Review: Tape Face at The Garrick Theatre
The name ‘Tape Face’ doesn’t exactly scream comedy. In fact, to my mind it suggests quite the opposite. Maybe it’s just me but, when asked to see the show, the first thing that came to mind was a lurid sex act more likely to be found at the now defunct Madame Jojo’s. How wrong I was. A smidgen of pre-show research reveals all, from early Fringe Festival performances, to critical accolades in the star’s native New Zealand, to the Las Vegas debut on America’s Got Talent. At this point in my pre-show digging I’m still not entirely convinced this is for me. After disposing of the aforementioned fears of carnal exploitation, I’m now concerned that I’ve been roped in to see a circus clown. Worse: a mime. Massive respect goes to Sam Wills, The Man With Tape On His Face, for not only challenging my perception of this throwback mode of performance, but also for ridding me of my fears and allowing my inner child burst from me like a xenomorph.
If there was ever a night to return to a childlike state, it was this one. The day I went to see Tape Face was also the day of the General Election polls, and suffice to say I was feeling a bit on edge. Riled up by the events of the day, I was primed to read more articles, listen to more debate, and engage in more heated WhatsApp discussions with family members, but a signal dead-zone at The Garrick stayed my hand and held my tongue. At a time when my head overflowing with information, the words ‘strong and stable’ bashing into ‘weak and wobbly’ as they rattled around my brain, an expertly crafted routine from a man of no words was strangely poignant.
Will's appeal, not just on this most anxiety inducing of nights, lies in the simplicity of his act. The performance moves between two realms: the waking and the dreaming. The show begins with Tape Face in his dressing room with nearly two hours to go before the curtain lifts. The floor is littered with props and the radio softly plays the shipping forecast, which of course lulls him to sleep. In his dreams, an audience appears (that’s us) from which Wills plucks members of his choosing to take part in what can only be described as some serious silliness. From libidinous oven mitts to a staple-gun shoot out, a Biggles impression to a Patrick Swayze bit, nothing is off limits, and everything is surreal. The catalogue of props are nothing more than everyday house-hold items, transformed by the power of imagination and a good backing track.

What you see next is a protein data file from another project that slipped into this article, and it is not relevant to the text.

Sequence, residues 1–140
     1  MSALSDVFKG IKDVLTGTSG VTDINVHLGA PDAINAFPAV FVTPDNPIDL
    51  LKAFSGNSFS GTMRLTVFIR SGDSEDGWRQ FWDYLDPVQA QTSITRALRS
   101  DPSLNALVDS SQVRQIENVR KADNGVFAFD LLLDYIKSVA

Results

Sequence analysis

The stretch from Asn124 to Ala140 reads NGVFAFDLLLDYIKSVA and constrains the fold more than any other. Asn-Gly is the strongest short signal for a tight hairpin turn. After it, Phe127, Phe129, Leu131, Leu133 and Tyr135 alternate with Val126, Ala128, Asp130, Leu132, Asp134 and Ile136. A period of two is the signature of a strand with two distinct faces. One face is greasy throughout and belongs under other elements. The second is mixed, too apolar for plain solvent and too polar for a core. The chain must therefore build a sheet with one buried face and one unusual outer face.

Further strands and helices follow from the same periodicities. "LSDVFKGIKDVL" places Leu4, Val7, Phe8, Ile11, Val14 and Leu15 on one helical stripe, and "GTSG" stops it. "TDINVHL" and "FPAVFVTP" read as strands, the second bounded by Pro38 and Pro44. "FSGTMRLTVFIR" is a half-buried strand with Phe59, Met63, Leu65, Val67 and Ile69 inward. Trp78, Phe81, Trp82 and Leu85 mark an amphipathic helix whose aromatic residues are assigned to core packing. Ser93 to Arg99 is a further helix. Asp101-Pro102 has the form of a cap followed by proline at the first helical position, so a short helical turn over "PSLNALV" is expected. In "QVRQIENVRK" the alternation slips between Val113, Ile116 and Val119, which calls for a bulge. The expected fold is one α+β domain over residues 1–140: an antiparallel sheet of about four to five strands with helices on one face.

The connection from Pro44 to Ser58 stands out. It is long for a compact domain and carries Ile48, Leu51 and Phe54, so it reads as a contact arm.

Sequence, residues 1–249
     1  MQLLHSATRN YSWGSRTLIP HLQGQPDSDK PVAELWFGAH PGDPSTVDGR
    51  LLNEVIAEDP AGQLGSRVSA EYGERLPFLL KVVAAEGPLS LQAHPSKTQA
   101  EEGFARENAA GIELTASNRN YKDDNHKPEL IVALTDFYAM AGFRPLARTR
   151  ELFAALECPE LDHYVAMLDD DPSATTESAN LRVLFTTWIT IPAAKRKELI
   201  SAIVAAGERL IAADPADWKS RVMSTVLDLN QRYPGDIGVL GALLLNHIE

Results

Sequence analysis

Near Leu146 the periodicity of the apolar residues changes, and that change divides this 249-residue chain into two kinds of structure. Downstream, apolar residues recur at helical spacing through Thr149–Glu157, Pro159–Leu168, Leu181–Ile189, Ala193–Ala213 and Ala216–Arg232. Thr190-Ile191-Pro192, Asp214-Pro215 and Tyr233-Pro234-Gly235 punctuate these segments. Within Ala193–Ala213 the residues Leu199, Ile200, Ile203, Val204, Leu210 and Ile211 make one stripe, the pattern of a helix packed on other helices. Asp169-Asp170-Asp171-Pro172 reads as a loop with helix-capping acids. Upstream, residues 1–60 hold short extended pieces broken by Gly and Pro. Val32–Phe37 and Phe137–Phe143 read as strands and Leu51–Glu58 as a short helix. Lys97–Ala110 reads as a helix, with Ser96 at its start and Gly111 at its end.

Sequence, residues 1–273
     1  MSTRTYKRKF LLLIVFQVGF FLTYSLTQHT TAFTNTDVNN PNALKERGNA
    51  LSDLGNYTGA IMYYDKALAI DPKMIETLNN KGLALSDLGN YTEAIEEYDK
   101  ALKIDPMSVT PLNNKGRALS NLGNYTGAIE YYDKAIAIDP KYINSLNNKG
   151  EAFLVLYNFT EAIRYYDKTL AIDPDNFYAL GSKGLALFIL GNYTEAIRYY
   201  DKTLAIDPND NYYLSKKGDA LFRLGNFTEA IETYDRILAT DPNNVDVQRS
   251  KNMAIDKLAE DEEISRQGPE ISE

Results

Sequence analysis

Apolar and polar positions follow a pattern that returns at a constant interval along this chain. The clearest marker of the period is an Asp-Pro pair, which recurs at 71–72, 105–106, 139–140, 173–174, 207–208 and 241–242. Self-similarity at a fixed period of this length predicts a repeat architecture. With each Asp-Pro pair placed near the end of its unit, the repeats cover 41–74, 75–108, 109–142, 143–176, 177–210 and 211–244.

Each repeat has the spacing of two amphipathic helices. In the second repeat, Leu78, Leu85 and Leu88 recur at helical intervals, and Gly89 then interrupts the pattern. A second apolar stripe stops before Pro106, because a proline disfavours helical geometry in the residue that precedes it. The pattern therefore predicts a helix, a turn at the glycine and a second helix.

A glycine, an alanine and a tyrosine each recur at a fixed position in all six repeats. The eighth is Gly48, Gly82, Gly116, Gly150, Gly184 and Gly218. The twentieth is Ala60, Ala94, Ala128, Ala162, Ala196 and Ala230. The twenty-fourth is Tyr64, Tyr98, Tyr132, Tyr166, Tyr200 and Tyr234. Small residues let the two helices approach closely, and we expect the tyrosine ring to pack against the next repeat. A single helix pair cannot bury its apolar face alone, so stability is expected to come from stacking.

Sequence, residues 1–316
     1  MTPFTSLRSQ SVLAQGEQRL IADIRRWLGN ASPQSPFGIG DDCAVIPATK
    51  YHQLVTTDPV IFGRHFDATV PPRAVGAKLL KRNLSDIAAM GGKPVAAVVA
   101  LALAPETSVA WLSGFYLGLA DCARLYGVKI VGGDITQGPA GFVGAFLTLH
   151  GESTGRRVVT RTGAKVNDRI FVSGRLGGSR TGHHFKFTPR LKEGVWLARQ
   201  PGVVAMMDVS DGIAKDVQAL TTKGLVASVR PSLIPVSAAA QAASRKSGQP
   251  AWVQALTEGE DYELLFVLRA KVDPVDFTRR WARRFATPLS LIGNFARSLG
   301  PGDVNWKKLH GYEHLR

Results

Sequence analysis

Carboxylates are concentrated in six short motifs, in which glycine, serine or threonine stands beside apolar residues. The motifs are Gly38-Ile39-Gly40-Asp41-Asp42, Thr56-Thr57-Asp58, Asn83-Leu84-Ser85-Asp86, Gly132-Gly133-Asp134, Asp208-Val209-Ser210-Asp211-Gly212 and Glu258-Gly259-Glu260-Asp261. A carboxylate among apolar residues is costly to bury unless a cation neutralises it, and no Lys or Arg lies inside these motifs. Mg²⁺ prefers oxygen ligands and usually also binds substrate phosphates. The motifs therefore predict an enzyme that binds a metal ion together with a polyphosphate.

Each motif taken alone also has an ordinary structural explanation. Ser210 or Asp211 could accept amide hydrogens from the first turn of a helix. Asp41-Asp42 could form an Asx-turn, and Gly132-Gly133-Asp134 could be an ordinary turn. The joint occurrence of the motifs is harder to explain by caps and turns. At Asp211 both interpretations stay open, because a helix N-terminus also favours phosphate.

Much of the value of Tape Face lies in its inclusiveness. The Garrick is a large space, and many a fine Shakespearean actor has trodden these boards, yet Wills succeeds in creating a sense of intimacy between men and women, young and old, none of whom had to speak the same language. My heart sank each time Wills paced off stage and into the stalls, searching for his next victim, but although many of the chosen drudged onto the stage as nervously as I would have, such is the power of Wills' physical comedy that within seconds sweaty palms were replaced with beaming smiles.
Music is a key element of the act. Each song used is pretty generally well-known and often inspires some under-the-breath humming and mutual nods of recognition between neighbours. During a '99 Red Balloons' bit, in which each audience member is given a balloon to blow up and throw to the front of the stage, we all clubbed together, handing each other balloons to punch forward. When a nearby audience member is chosen, everyone in a 10 seat radius laughs just that bit louder for them.
There are moments in which the formula is in danger of becoming repetitive, and fans of Tape Face will have seen some of the sketches before, but Wills always manages to bring the audience back around. A more complex moment immediately following the interval, in which a plate spinning cabaret becomes a powerful metaphor for fragility and a yearning for acceptance, is genuinely moving. A few more moments like this wouldn't go amiss, but then we're not really here to think so much as we are to switch off for a moment, and Tape Face allows us to do just that.
The show continues until 23rd July 2017.
Photo credit: Matt Crockett